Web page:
Going to Great Lengths

One of the biggest challenges for businesses implementing a converged cabling infrastructure is the need to connect remote devices to the network. Zoran Borcic, Datacom product manager at cabling and systems specialist Draka, outlines the latest developments in long reach twisted pair copper cabling.

IP is being used for an increasing number of applications. Data, voice, security and building automation and management systems can now all run over a common twisted pair cabling infrastructure. More recently IP is being used for industrial applications, where the focus is on monitoring, control and data collection and visualisation – so called Supervisory Control and Data Acquisition or SCADA applications.

This shift to a converged cabling infrastructure is rapidly increasing as more and more business applications running on IP networks are introduced and increasing numbers of companies are recognising the potential value a converged cable network can bring. It is a shift that will place significant new demands on network infrastructure.

Multimedia networking is another growing trend, particularly in hotels, airports lounges and passenger ships, with applications ranging from distance learning to desktop video conferencing, instant messaging, workgroup collaboration, multimedia kiosks, entertainment and imaging.

In offices WLAN, and Wifi are gaining ground. In practice WLAN is integrated into cabling structures in line with EN50173. With the new generation WLAN 802.11ac we have the first volume application for 10GBase-T in offices, which requires dense 10Gb/s network of Class EA or better preferably with Power over Ethernet plus (PoE+) compatibility with Next Gen PoE.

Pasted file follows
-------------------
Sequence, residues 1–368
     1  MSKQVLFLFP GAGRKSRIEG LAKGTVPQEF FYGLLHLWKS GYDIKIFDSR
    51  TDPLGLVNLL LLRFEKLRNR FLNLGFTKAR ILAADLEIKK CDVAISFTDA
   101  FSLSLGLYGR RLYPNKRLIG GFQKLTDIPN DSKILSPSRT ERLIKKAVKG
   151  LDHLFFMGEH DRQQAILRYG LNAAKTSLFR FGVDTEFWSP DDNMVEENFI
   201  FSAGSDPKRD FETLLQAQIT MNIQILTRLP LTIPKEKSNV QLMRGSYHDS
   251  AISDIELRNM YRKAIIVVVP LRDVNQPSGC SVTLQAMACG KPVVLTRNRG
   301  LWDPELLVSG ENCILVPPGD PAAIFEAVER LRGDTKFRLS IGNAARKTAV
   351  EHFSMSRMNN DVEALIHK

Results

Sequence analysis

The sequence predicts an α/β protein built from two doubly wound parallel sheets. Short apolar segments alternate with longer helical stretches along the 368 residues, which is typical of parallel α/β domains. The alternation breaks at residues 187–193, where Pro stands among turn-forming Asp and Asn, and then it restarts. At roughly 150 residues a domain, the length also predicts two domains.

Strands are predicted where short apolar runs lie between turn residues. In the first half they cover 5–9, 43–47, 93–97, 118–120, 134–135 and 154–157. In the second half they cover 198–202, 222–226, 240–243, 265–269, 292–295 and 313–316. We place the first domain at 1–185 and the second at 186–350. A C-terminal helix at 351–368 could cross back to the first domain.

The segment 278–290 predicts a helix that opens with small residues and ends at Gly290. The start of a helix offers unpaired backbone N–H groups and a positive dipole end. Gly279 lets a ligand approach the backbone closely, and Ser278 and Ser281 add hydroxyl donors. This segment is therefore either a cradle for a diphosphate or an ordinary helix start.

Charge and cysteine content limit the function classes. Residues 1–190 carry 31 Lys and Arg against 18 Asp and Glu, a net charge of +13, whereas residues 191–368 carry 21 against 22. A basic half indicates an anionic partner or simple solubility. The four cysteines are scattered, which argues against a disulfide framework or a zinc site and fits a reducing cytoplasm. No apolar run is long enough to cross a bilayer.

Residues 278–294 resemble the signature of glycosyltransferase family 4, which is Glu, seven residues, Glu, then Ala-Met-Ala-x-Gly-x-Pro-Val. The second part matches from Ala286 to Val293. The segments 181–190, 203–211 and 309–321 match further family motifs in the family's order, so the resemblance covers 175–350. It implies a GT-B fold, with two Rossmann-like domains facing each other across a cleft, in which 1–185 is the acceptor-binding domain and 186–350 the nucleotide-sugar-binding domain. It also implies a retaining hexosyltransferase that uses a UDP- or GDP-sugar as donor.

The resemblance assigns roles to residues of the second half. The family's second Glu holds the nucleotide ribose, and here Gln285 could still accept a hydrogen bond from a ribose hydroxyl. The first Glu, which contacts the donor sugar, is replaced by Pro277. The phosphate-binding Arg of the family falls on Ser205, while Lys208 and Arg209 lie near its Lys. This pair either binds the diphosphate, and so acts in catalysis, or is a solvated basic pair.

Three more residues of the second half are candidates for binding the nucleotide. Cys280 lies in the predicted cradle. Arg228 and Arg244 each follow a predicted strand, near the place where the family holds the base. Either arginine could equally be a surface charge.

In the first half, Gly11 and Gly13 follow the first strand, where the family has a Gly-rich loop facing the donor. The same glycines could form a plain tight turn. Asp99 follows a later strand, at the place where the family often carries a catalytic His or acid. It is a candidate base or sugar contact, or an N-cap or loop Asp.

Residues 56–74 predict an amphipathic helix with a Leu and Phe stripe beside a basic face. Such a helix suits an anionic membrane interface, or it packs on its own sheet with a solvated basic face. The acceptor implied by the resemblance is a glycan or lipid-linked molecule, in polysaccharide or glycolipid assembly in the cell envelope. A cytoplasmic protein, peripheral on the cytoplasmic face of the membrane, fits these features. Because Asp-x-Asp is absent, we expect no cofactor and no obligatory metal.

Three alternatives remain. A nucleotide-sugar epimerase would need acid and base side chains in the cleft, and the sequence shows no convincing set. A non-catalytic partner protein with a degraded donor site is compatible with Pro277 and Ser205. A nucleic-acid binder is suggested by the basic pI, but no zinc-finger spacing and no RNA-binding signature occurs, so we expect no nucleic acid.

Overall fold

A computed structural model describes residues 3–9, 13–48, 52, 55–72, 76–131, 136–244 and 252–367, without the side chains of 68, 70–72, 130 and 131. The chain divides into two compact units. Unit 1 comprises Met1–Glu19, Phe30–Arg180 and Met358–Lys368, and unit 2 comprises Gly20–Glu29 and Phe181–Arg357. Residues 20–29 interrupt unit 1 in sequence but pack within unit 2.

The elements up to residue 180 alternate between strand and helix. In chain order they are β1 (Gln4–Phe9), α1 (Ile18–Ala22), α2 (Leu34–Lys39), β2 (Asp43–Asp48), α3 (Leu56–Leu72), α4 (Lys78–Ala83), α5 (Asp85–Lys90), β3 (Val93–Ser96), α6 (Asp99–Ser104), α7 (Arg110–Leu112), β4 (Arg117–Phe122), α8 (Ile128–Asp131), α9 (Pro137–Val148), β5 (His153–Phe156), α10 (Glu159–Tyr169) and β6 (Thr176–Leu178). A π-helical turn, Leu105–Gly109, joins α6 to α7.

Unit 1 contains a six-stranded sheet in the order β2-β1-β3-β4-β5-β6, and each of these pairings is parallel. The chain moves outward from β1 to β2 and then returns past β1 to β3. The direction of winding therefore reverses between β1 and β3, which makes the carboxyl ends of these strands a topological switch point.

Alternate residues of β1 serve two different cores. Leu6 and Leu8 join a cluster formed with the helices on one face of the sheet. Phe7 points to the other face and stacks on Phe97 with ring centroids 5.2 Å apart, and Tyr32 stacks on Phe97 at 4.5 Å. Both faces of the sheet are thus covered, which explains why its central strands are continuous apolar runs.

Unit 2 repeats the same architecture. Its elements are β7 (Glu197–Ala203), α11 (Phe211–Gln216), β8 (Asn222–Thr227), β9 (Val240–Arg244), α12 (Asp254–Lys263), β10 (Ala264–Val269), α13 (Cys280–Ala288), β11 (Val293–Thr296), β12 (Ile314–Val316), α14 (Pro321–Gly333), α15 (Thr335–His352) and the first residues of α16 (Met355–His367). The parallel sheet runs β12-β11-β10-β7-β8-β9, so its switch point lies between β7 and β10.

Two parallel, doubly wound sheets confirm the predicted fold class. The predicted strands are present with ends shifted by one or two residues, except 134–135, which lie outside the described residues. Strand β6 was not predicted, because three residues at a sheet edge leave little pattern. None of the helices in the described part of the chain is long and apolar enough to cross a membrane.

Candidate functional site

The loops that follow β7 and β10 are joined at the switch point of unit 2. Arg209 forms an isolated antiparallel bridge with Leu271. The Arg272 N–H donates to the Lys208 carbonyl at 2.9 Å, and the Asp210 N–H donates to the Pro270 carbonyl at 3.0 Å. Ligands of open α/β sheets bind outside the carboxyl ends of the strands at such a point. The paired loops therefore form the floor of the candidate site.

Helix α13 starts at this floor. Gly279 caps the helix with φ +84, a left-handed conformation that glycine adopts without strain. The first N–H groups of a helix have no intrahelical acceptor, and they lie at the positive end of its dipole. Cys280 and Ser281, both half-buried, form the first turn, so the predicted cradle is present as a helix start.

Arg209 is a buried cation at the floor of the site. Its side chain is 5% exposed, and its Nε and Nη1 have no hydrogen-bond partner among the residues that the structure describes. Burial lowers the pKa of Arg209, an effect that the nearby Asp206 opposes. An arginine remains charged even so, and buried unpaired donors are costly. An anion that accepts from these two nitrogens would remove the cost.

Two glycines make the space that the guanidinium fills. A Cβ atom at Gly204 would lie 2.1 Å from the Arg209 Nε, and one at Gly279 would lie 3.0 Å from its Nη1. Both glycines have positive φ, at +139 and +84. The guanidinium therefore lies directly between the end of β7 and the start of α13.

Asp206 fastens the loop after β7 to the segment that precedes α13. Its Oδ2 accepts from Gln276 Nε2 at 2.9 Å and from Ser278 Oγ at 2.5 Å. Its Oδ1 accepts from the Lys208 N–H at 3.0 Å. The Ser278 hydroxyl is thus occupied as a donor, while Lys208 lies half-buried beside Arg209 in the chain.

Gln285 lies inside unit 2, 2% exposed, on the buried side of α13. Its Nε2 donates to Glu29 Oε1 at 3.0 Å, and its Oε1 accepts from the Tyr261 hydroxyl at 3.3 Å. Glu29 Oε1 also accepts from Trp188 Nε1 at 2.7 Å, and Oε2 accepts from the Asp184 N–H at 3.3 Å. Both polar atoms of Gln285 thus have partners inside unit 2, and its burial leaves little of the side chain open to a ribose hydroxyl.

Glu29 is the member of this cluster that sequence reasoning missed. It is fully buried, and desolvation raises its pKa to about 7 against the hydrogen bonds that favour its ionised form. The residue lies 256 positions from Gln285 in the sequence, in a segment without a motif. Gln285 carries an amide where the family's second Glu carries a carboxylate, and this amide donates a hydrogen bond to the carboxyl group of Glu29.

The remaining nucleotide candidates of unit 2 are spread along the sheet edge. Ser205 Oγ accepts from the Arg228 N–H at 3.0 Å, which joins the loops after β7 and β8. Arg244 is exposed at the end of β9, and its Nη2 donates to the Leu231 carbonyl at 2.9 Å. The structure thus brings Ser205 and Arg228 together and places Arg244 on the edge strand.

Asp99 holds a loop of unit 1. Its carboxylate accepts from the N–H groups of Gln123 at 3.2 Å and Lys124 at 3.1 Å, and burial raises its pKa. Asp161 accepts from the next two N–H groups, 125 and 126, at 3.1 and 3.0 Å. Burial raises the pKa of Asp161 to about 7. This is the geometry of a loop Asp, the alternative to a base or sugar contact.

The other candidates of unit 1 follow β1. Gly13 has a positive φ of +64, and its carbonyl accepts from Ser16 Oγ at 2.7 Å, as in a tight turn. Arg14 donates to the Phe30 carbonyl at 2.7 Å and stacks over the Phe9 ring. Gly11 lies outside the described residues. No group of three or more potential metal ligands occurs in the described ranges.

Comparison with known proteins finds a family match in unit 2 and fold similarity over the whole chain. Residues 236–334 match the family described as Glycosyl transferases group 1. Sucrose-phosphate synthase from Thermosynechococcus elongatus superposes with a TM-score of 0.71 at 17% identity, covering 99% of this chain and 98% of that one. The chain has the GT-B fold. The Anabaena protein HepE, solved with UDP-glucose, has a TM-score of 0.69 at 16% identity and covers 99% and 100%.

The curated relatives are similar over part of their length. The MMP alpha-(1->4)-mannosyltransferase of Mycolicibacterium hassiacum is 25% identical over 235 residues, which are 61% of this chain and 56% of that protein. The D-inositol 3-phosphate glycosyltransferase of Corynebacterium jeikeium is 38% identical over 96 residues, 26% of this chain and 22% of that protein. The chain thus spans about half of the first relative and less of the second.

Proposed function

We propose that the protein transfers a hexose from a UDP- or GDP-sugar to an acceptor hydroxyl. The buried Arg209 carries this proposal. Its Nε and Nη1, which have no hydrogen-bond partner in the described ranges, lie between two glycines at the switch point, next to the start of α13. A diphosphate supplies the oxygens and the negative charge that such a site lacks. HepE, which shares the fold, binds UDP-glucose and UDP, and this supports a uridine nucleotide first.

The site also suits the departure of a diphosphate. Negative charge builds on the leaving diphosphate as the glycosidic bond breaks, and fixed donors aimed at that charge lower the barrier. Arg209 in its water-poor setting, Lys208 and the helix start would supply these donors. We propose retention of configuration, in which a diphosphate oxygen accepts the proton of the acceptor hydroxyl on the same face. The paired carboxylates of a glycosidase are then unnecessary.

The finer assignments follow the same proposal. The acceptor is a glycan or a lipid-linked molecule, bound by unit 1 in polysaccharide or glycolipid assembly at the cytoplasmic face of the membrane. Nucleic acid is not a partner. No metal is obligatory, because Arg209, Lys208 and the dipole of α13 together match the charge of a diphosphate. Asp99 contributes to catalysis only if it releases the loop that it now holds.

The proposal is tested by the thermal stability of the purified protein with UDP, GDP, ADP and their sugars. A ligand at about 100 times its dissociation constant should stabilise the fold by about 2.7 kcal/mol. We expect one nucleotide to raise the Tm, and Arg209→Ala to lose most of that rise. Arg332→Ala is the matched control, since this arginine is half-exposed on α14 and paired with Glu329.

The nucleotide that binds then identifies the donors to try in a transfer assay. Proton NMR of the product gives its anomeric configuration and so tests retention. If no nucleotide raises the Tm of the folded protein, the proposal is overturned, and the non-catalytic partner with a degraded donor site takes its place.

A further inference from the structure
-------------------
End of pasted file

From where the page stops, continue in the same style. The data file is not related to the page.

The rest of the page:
The advantage of running all of these different applications over the same cabling infrastructure eliminates the need to design and install separate networks. It also simplifies network management including initial deployment and eventual reconfiguration; improves network scalability to accommodate growth; improves reliability, and offers considerable cost savings.

The disadvantage of converged cabling is that downtime no longer means employees just lose access to emails. Instead security, building management systems and video conferencing and power to remote devices will all be affected, which is why it is important to install only the best performing cables and connectivity components including jacks and patch panels.

These trends have all been taken into account by CENELEC in the new edition of EN 50173 Information Technology: Generic Cabling Systems. This is now divided into six categories:

EN 50173-1: General requirements

EN 50173-2: Office buildings

EN 50173-3: Industrial areas

EN 50173-4: Home environments

EN 50173-5: Data centres

EN 50173-6: Distributed building services

The way that the standard has been put together means that if a designer or specifier is looking to define the design for structured cabling in offices, then all they need to do is to simply refer to EN 50173-2: for industrial areas it is EN 50173-3. All of the application specific standards are underpinned by EN 50173-1: General requirements, which contains a lot of the detailed and technical information common to premises.

One of the challenges of a implementing a converged cabling infrastructure is the need to reach remote IP devices, such as remote security cameras, external temperature sensors or external door locks to the network. With conventional twisted pair cabling the horizontal distance is limited to 100m from the panel to the device so the designers and installers generally have three options: